Researchers have discovered that water in the North Atlantic has 'dramatically weakened.'The study shows the levels are at their lowest of for 1,500 years - and climate change is to blame. Researchers warn the currents will have...
November 13, 2018 Would flooding the deserts help stop global warming?Source: NBC
A Silicon Valley venture capital firm, Y Combinator, unveiled the radical desert flooding plan as one of four “moonshot” scenarios that it hopes innovators will explore as potential remedies to catastrophic global warming
November 9, 2018 Leading The Global Tide In Water SustainabilitySource: Forbes
November 8 is National STEM Day. Across the country, schools and communities recognize today as a time to encourage the scientific and technological curiosity of students and soon-to-be professionals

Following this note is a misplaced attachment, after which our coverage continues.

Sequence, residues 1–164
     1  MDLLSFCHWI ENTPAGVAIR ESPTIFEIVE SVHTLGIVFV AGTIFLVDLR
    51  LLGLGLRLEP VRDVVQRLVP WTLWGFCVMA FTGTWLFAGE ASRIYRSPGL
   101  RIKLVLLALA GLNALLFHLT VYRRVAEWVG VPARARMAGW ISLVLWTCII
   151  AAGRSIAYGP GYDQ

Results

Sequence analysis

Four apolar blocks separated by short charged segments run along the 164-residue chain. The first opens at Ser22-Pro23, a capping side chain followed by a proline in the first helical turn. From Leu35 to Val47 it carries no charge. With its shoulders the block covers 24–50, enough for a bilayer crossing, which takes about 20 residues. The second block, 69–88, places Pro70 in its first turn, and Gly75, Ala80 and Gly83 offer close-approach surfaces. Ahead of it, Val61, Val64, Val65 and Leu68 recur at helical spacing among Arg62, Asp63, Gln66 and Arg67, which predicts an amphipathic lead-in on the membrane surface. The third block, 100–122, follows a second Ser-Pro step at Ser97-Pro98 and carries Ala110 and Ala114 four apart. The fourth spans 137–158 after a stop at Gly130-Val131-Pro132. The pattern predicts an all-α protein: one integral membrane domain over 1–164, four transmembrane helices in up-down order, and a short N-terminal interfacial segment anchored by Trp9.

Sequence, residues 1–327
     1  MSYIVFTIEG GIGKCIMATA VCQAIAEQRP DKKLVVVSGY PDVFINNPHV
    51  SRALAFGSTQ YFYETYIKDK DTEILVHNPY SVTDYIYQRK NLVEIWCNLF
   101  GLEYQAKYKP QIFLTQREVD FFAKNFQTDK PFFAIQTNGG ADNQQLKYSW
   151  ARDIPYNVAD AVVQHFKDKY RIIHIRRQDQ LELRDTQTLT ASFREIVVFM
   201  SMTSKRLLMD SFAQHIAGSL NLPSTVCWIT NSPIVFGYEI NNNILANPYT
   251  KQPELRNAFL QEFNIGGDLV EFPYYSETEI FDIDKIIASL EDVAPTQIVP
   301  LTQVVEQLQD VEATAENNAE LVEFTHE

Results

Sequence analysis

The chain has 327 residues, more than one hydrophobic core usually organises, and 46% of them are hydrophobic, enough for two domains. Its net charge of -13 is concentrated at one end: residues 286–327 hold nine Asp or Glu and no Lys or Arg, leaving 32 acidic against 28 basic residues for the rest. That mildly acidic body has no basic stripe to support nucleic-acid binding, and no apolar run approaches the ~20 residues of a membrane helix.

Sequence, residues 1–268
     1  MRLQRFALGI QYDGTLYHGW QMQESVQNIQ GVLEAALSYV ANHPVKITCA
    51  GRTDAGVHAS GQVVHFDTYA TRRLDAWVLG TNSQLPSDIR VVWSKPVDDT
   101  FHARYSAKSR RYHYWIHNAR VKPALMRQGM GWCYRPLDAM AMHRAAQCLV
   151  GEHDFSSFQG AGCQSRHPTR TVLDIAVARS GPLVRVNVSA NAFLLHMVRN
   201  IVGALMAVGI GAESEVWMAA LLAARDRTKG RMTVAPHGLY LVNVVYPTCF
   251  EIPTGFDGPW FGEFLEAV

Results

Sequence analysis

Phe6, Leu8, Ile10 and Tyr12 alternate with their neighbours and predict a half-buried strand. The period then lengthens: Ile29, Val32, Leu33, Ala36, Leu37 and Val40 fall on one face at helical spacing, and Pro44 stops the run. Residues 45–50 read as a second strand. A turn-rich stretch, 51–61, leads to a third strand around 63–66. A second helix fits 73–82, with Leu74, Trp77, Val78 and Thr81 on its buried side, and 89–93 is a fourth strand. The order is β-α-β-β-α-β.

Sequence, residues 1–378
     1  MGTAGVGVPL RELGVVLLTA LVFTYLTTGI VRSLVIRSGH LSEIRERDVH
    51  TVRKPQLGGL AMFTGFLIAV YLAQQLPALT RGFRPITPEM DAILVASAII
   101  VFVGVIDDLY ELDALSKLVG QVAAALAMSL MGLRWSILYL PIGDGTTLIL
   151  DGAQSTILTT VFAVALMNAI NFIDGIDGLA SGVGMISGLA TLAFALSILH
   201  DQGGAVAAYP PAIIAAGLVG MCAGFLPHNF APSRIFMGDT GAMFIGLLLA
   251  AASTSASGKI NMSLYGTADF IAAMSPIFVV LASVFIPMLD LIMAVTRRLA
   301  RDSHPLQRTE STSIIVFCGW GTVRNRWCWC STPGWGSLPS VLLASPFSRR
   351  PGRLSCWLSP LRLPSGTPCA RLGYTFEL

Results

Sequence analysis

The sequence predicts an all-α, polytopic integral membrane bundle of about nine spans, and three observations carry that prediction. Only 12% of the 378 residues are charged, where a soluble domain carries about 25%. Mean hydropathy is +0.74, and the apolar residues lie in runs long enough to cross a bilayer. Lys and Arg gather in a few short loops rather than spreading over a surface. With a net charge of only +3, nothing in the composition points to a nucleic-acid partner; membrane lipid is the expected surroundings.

November 2, 2018 World Water Week to focus on more nature-based solutionsSource: Xinhua
STOCKHOLM, Aug. 27 (Xinhua) -- The 2018 World Water Week kicked off here on Monday, calling for more nature-based solutions for water related challenges. Poor water management and stressed ecosystems cause poverty and violent...
Austin was thrust into the national spotlight as the city issued its first ever boil water notice. A wetter-than-usual Central Texas autumn caused flood waters to build up—notably, Lake Travis rose over 20 feet in 24 hours—and...
October 30, 2018 Plastic waste elimination pledge by 2025 attracts more big firmsSource: BBC
Some 250 big organisations have now pledged to eradicate plastic waste by 2025, including Coca Cola, H&M and L'Oreal, up from 40 in April
October 30, 2018 World's Biggest Pork Producer Pledges To Cover Manure PondsSource: NPR
After years of insisting that it wasn't economically feasible, the world's biggest hog producer has bowed to public pressure and agreed to change the way it handles manure on more than 1,000 farms it controls in the U.S.